By 2050, an expected rise in the world’s population will drive the need for a 60% increase in agricultural production. Precision agriculture, which uses data-driven technologies, is highly likely to become the norm. ESRI reports precision agriculture first came about in the 1980s, but the practice’s efficient resource distribution and increase in production will be instrumental to the farming industry.
An integral part of data-driven technologies supporting precision agriculture is mobile data. Whether through a cellular hotspot data bucket or a separate hotspot plan, farmers need a way to connect to field devices, access and send data from a central office and the field. Commercial and enterprise-scale irrigation systems involving multiple locations are examples that extend beyond the farming industry.
What is Precision Agriculture?
Also known as smart farming, precision agriculture involves smart machines, IoT devices, sensors, the Internet, and mobile technology. Smartphone apps and cloud-based services are additional components of smart farming. One of the ways that Viaero Wireless assists with the implementation of precision agriculture is through a machine to machine (M2M) program.
Farmers in the Imperial, Nebraska area use sim cards that communicate with and run irrigation systems’ sprinklers. The sim cards allow farmers to control and update the times sprinklers run from remote locations. Another option farmers use is a phone. They place phones in control boxes and call those phones at the times the sprinklers need to run.
AgriTech Tomorrow indicates that precision agriculture methods involving smartphones are on the rise among U.S. farmers. Using smartphones and cellular data has helped farmers become more efficient by saving money and time. Besides controlling irrigation systems, farmers are using mobile devices and data to look up information on commodities, weeds, and pests.
The Role of Hotspot Data and Cellular Networks
An article in Agricultural Systems mentions the various parts of the smart farming process. The parts work in a cycle and consist of:
- Smart analysis and planning
- Smart control
- Smart sensoring and monitoring
- Cloud-based event and data management
Wireless networks enable the transfer and access of data from anywhere where devices can connect. Viaero mobile hotspot devices and unlimited data plans are used by farmers to upload elogs and harvest records. This data helps farmers track what is going on with their crops and make informed decisions.
A case study published by GSMA on precision agriculture highlights some of the key indicators farmers use to monitor crops. These indicators include data on soil moisture and temperature, humidity, and air temperature, how much water is being used, and the water’s pH levels. Making decisions based on continual monitoring of this data accomplishes more than increased cost-efficiency. It also helps leverage available land and reduce environmental stress.
Smartphone and mobile device apps can be used to control the output of feed and seed that gets distributed into the soil. Farmers sometimes reach out to Viaero’s Yuma store team about buying more tablets to use these apps. The ability to use tablets with the apps helps Yuma’s farming community better manage their land and crops, especially when they need to work on the land or away from it.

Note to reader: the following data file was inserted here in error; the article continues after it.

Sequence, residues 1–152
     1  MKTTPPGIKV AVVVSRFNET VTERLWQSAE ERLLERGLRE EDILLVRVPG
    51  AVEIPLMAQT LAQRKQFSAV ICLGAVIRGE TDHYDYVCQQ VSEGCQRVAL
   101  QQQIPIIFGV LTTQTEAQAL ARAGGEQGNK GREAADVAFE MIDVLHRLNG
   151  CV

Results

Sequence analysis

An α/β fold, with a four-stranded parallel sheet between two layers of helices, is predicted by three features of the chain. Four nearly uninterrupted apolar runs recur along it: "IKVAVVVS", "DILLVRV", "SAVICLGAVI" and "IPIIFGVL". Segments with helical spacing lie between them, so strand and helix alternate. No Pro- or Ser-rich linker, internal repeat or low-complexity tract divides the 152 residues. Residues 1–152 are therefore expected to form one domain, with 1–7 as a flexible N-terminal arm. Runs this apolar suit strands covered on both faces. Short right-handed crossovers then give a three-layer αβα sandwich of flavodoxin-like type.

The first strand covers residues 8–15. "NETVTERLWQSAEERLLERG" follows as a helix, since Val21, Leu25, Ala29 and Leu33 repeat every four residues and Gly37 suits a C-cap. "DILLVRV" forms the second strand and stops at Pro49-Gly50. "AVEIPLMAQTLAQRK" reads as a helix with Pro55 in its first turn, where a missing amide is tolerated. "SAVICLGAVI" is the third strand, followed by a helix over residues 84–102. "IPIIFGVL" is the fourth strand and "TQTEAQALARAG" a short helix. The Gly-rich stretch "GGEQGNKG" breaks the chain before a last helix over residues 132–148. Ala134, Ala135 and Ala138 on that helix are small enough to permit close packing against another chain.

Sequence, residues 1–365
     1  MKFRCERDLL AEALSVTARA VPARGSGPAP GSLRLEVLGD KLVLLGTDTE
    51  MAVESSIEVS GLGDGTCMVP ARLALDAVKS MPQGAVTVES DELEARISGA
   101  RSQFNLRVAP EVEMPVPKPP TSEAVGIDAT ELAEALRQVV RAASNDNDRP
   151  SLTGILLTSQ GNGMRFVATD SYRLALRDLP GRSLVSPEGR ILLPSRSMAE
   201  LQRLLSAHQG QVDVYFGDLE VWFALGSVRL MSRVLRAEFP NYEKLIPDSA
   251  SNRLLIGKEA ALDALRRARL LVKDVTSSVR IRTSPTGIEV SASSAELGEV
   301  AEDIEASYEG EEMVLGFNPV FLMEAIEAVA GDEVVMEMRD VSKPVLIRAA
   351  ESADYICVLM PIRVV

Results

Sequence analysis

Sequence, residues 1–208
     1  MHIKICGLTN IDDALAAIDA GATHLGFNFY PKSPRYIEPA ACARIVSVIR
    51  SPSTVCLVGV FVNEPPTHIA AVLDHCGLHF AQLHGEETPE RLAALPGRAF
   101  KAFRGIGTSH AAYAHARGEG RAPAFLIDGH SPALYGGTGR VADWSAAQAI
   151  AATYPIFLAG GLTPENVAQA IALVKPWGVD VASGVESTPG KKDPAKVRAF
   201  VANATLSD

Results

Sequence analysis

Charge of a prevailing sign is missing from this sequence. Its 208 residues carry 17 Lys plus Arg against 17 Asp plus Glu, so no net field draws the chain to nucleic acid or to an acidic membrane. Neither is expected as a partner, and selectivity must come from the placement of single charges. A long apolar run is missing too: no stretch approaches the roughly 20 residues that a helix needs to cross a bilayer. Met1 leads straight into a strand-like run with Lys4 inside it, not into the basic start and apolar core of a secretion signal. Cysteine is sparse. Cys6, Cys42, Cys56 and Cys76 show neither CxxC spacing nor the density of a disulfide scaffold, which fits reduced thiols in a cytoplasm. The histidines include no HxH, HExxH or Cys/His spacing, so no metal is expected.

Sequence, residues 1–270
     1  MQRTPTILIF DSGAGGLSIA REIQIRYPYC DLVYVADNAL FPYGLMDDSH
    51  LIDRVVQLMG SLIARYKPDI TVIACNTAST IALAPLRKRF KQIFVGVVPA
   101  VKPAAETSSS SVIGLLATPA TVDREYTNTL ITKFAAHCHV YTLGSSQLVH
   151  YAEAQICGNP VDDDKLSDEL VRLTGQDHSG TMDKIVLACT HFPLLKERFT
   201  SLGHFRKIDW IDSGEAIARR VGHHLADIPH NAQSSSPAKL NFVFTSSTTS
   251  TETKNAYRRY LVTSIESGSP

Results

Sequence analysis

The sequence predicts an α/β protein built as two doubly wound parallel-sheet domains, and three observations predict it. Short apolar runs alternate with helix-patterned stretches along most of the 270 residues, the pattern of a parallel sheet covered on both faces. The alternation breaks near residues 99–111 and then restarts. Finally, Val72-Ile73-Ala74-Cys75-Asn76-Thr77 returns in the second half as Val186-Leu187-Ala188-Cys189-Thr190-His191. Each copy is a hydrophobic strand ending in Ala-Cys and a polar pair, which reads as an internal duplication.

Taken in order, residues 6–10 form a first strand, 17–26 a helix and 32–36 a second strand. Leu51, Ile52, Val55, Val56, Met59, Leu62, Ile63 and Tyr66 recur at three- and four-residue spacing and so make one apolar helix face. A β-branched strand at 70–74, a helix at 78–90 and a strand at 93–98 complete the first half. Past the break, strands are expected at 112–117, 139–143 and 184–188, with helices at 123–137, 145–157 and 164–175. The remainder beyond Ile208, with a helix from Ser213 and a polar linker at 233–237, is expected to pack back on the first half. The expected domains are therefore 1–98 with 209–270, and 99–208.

Mobile hotspots can be activated through a smartphone with hotspot data included in a cellular plan. Many wireless carriers also have hotspot devices that work with hotspot data-only plans. Using separate hotspot devices save the drain on a smartphone’s battery, allowing it to be freed up for phone calls and texts.
Cellular Technology & Hotspot Data Quality
Hotspot devices and data plans work using a cellular network’s technology, which can be 5G, 4G/4G LTE, or 3G in some areas. The standards for 3G networks include CDMA, TDMA, and GSM. While CDMA stands for “code division multiple access,” TDMA means “time division multiple access” and GSM stands for “global standard for mobiles.”
In geographic areas where 3G remains prevalent, hotspot devices may connect to either CDMA or GSM networks. GSM devices use SIM cards to identify individual subscriber data. Also, GSM has long been the global standard for cellular networks, making GSM devices compatible with more networks around the globe.
In contrast, CDMA did not catch on in as many countries but was implemented by a lot of U.S. carriers. Instead of SIM cards, CDMA carriers traditionally used a phone’s electronic serial number or ESN to authenticate a subscriber. CDMA networks also operate at lower transmission speeds than GSM networks, according to PC Mag.
PC Mag states that the quality of the carrier’s network itself can matter more than the technology behind it. However, hotspot devices connecting to GSM networks are likely to transmit data faster. GSM networks also transmit data and voice at the same time, according to standard. In rural areas where 4G/4G LTE is available, these points of distinction disappear.
In 2019, the American Farm Bureau Federation reported that 52% of farms use smartphones and tablets. Access to computers and the Internet has become essential for the agricultural industry. Smart farming techniques that allow farms to stay competitive and increase land efficiency are the main driver behind this. For decision-makers in the private and public sectors, ensuring farms have access to the necessary technology to implement precision farming techniques will need to become a priority.
Viaero’s GSM mobile network supports mobile hotspot devices. Check out our unlimited cellular and mobile hotspot plans!
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